The basis for this prioritization is again unclear and more likely than not, erroneous, especially because the precedents in TMA Pai and Inamdar strongly indicate that both Articles 19(1)(g) and 30(1) provide the same level of protection to unaided private educational institutions with the latter being exclusively applicable to the schools run by the minorities. If the protection under Article 19(1)(g) could be superseded by the RTE Act due to the laudable objective furthered by Article 21-A, as the majority held it did, consistency demanded a similar view to be taken in respect of Article 30(1) as well.


An independent enquiry is, however, required to examine whether the above outcome could have been sustained, had the correct standard of review – the proportionality standard as put forth by this article – been applied. Coming back to the exercise of weighing and balancing, two additional considerations in law, and one of fact, would most certainly figure in this exercise. The considerations in law are Article 30(1), no doubt, and Article 15(5). Article 30(1) is a special provision that vests with religious and linguistic minorities, the important right to establish and administer educational institutions of their own choice. Whether this provision makes any difference to the balance is doubtful as Article 19(1)(g), in the opinion of the larger benches in TMA Pai and Inamdar, guarantee as much of protection as Article 30(1) to the non-minorities who cannot avail of the latter provision. More importantly, larger benches of the Supreme Court have held that Article 30(1) is not an absolute right and can be curbed in national interest.

The majority, which waxed eloquent about Article 21-A and its nationally significant objective, cannot possibly take a different view of this objective only when it comes to minority unaided institutions. Therefore, in the scales of proportionality review, Article 30(1) makes no difference, in the context of minority institutions, to the balance as exists in the case of non-minority institutions. At best, Article 30(1) would permit the minority institution to prefer students from their own community while admitting the 25 per cent ‘free quota’, as long as such preference was exercised in a fair and transparent manner. This was even conceded by the Union of India.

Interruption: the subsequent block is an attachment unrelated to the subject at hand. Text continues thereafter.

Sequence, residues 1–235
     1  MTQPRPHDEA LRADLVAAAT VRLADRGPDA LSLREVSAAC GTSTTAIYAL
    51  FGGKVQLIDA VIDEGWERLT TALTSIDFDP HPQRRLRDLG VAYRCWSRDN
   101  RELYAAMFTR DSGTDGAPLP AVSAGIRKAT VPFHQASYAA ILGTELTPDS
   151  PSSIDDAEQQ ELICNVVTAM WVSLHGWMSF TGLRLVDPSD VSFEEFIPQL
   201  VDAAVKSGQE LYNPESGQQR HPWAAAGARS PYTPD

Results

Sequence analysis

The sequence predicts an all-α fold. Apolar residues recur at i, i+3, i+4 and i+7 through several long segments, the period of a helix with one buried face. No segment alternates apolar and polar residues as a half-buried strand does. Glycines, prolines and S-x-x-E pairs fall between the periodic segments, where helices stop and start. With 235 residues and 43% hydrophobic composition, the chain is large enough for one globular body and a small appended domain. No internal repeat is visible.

Article 15(5), on the other hand, does play an instrumental reason in tilting the balance, and for the reason that this provision, the constitutional validity of which was not in question before the court, specifically contains an exemption favouring minority educational institutions. The constitutional history of this provision, introduced in response to the decision of the court in Inamdar, is also a pointer to the fact that the state, while seeking to override the rights under Article 19(1)(g) in the field of education, never desired to do so in respect of the rights under Article 30(1). While the Union never sought to defend the RTE Act as a proposed measure under Article 15(5), and understandably so since the scope of this provision is much narrower than what the RTE Act attempted to cover, this is certainly a factor weighing in support of not extending the RTE Act to minority educational institutions. This factor could even be conclusive if not for the next factor, one of fact. This factual consideration puts back the balance in favour of Article 21-A, and the Union’s case for applicability of the RTE Act to minority educational institutions.